Editor’s note: This is the first in a series of stories profiling women roasters in specialty coffee. Check back for more in the coming weeks.
Meet Jennifer Swanson, CEO of Sioux Falls, S.D.-based Coffea Roasterie. A long-time coffee professional and human rights advocate, Swanson is a charismatic figure who speaks with authority and poetry about coffee and its inevitable effect, something she describes as “a catalyst for people to be more relational.” Says Swanson, “Instead of having computers between you, you have coffee.”
Swanson’s background in the coffee business goes back a long way, to her start in Minneapolis, where she managed a shop between colleges. After a shop-hop to South Dakota, she began working with a nonprofit organization in Thailand that started a coffee shop to help Kathoeys (a.k.a. “lady boys”) break free from the sex industry. “Coffee was the tool for freedom,” she says, adding that it was “ethically sourced, helping people with relationships and rebuilding a new restorative community.”
After working around that intense industry for so many years, Swanson needed to move back to a safer environment. She returned to South Dakota where, working 4 jobs to support her mission to speak around the world and raise awareness for victims of the sex industry, she was astonished to receive an unsolicited donation from the man who funded Coffea Roasterie. That donation changed her life. She started working for Coffea as an accountant and soon after immersed herself in each aspect of the company — from barista to roaster, and eventually CEO.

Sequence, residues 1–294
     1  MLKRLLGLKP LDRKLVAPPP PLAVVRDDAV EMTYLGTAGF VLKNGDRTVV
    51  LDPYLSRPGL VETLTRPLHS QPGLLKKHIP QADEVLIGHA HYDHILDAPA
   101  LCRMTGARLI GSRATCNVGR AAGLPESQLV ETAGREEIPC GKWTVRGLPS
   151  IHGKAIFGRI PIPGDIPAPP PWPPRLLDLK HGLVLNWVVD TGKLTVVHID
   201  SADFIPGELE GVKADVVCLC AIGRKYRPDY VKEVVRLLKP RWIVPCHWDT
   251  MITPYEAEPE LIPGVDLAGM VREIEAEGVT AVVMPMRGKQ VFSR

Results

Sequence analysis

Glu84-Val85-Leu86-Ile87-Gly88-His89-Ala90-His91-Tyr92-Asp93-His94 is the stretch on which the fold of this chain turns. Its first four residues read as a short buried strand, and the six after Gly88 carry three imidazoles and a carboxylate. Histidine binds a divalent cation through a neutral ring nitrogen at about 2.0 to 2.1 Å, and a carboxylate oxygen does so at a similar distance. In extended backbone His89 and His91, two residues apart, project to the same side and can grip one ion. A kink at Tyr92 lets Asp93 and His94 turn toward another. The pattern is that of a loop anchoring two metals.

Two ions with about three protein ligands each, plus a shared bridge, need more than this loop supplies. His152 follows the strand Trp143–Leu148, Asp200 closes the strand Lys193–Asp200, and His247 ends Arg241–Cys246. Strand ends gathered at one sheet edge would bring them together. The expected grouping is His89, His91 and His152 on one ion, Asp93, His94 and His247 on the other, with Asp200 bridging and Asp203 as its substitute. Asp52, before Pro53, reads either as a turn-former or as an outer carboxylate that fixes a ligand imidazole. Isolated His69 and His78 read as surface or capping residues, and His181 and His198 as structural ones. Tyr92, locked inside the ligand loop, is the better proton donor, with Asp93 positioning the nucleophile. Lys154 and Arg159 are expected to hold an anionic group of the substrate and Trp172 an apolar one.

“I’d never encountered such a well-run coffee shop,” Swanson. “I love how we treat people. No pretentiousness, just genuine care.” Under Swanson’s watch, Coffea just opened a second location in downtown Sioux Falls.
Swanson’s current favorite coffee is a Panama Geisha that will be hitting the shelves soon. “There are no words to describe how awesome it is” she says. “After working in coffee for so many years, it’s really exciting to be in the place to be the only roaster in North America to have this coffee.” The Filla del Pando from the 90+ Geisha Estate in Volcan, Panama, tastes like a “freshly bloomed water lily,” says Swanson, “really delicate on the palate but with a range like an extreme high-noted chord.”
This is the first in a series of stories profiling women roasters in specialty coffee. Check back for more in the coming weeks.
Emily McIntyre is a freelance coffee culture writer and member of the team at The LAB. The LAB’s Women Roasters Series highlights the 13% of roasters that are female, distributing their coffees through 3 membership programs and presenting their stories to the world. For more info, visit www.lab5702.com. McIntyre also writes a travel/beverage blog at www.softexplosions.com and tweets witty tweets @mcintyrewrites